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2 Samuel 8-10


A Devotional Journey
     led by Dr. Gene Pearson                                                                                                             
Thru the Bible in a Year

       Over the first few years of his rule, David is able, with God’s help, to subdue the Philistines, the Moabites, the armies of Damascus and the Arameans and then the Ammonites.  As the narrator informs us:  the LORD gave David victory wherever he went.  It is an auspicious beginning, and guarantees that David will forever be remembered by his people as the greatest of their kings.
       In carrying out his responsibilities it is clear that David knows how to delegate, which may be why some of the people who are assigned major responsibilities are listed in chapter eight.  It is noteworthy that his own sons are listed as royal advisors – an indication that they are in training for major positions in the kingdom.
       Mephibosheth appears at this point.  The last remaining son of Saul, he is crippled and no threat to David.  Because of his love for Jonathan, David adopts Mephibosheth as part of the royal household in Jerusalem and provides for his needs as long as he lives.  This fact is included both to prepare us for some of the events at the end of David’s rule, and also to demonstrate the character of this soldier who was also godly.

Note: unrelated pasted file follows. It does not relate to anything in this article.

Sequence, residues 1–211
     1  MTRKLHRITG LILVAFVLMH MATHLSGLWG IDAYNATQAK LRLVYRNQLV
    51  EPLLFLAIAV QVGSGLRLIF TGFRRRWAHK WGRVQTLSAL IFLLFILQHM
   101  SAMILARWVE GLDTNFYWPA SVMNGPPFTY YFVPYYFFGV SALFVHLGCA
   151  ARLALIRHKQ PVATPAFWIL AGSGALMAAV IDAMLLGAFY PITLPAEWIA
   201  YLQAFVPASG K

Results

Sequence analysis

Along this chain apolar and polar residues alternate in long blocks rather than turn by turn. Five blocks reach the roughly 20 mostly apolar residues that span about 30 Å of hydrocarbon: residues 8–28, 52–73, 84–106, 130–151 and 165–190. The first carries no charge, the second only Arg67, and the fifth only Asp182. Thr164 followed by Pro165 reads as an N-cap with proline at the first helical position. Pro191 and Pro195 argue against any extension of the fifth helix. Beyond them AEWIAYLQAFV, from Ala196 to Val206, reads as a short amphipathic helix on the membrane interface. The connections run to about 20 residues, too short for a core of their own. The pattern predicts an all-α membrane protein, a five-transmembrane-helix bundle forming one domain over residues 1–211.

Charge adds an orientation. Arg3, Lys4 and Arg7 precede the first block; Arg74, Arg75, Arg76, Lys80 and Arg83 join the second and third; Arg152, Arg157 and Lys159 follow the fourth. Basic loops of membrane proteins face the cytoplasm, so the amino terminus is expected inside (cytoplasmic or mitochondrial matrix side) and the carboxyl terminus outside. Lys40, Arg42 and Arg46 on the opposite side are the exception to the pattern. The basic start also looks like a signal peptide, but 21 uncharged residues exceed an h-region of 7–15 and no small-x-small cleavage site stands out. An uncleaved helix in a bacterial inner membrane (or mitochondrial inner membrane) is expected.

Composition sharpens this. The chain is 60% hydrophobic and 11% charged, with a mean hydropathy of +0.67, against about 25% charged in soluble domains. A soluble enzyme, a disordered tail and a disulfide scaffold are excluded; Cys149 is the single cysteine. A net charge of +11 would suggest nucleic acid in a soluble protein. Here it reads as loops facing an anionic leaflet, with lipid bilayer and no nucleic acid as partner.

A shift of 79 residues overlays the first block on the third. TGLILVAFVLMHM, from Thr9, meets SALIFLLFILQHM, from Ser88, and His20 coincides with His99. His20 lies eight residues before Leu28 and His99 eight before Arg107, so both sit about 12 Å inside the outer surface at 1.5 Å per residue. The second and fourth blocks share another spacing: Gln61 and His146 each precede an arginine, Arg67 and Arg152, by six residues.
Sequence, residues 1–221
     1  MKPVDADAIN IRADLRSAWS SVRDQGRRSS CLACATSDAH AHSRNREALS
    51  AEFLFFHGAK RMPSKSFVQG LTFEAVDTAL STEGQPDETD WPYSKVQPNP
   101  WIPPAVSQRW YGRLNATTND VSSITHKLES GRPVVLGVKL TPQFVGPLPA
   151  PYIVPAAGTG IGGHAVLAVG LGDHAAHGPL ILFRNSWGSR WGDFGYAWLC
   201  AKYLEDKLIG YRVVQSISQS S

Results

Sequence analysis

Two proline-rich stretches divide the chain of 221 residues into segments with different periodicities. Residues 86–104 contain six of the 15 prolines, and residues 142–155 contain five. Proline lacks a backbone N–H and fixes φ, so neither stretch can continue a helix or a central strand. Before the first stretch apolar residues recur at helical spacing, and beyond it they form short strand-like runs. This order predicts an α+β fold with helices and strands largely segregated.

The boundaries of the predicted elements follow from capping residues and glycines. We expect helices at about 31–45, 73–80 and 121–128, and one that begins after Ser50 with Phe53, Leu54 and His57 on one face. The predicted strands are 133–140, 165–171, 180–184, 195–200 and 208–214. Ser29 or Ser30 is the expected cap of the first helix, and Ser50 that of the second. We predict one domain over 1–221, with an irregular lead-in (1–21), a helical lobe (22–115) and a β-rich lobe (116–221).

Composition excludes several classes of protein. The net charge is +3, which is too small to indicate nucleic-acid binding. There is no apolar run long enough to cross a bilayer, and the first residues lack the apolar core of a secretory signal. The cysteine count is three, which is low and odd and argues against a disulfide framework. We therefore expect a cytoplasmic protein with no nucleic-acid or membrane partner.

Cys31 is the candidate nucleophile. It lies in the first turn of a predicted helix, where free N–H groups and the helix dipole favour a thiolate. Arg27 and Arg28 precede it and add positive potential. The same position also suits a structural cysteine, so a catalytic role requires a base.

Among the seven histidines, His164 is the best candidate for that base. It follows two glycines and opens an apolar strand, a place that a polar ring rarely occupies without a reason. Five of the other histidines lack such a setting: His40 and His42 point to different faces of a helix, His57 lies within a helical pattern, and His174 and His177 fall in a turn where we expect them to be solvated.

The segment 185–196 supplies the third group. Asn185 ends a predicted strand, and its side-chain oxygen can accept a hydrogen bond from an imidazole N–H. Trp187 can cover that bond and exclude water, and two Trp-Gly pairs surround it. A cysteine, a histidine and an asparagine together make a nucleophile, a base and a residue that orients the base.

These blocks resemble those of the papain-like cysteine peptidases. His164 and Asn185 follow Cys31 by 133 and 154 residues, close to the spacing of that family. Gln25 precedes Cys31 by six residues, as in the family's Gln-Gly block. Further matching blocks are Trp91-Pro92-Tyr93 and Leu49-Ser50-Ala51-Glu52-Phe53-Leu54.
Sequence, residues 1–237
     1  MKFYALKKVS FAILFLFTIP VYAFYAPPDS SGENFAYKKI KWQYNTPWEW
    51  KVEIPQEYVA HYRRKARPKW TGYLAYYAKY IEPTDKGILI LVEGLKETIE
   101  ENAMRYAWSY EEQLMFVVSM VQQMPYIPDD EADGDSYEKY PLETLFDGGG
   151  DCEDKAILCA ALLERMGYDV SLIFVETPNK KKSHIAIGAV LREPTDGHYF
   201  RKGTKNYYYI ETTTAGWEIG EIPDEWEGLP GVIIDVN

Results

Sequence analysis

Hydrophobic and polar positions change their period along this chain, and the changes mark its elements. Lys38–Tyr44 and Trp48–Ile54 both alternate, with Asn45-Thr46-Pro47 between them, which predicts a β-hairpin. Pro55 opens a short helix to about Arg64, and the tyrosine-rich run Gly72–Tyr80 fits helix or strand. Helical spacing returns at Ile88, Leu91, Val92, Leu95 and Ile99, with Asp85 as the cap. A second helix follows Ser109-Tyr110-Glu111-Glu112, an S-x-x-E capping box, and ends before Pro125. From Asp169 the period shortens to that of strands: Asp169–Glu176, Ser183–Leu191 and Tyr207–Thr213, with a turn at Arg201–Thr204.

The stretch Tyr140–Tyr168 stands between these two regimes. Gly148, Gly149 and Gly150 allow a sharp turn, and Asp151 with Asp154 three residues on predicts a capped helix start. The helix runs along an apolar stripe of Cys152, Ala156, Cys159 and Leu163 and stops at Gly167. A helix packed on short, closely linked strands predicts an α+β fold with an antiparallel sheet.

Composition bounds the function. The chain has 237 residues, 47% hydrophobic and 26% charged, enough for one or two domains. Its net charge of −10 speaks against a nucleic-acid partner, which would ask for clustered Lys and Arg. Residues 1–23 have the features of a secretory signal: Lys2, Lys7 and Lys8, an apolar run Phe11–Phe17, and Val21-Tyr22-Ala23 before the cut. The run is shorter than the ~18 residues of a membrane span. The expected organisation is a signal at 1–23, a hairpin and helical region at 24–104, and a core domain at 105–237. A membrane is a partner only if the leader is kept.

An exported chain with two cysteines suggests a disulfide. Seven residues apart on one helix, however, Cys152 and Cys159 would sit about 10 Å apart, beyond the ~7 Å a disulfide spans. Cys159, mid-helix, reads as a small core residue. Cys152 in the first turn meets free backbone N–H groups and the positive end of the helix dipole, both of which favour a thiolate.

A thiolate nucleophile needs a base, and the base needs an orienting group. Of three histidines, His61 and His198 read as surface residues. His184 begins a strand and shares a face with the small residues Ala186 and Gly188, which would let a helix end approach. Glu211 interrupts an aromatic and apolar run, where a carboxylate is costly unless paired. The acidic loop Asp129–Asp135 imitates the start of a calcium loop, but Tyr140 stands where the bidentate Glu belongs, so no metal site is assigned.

When the Ammonite king dies, his son decides to challenge David’s power, but makes the mistake of humiliating David’s ambassadors and in the process providing the strongest motive for a concerted effort by the Israelites to attack him.  In the resultant battle, the strategic prowess of Joab is demonstrated and the Ammonites are soundly defeated while their allies, the Arameans sue for peace and become subjects of David.
       Every enemy has not been completely conquered, but at the end of chapter ten, things have settled down and Israel seems clearly in control (with God’s help).
       From where do the victories come in your life?  Do you give credit to God?  Are you willing to let other people help you along the way?  One of the fatal mistakes of leaders and people in general is to accept the idea that they can go it alone.  We are all in need of help from other people in one form or another, and it is crucial to our own well-being, peace of mind, and success that we find and accept that help.
       It is also the case that kindness, even to our enemies or those who might pose some kind of threat to us is an important part of the character God wants to build into our lives.  To whom could you express unexpected kindness today (or this week)?  Make it a point to do so.
       Ask God to help you trust His protection, perceive His interests and serve His will faithfully.

A. Eugene Pearson 201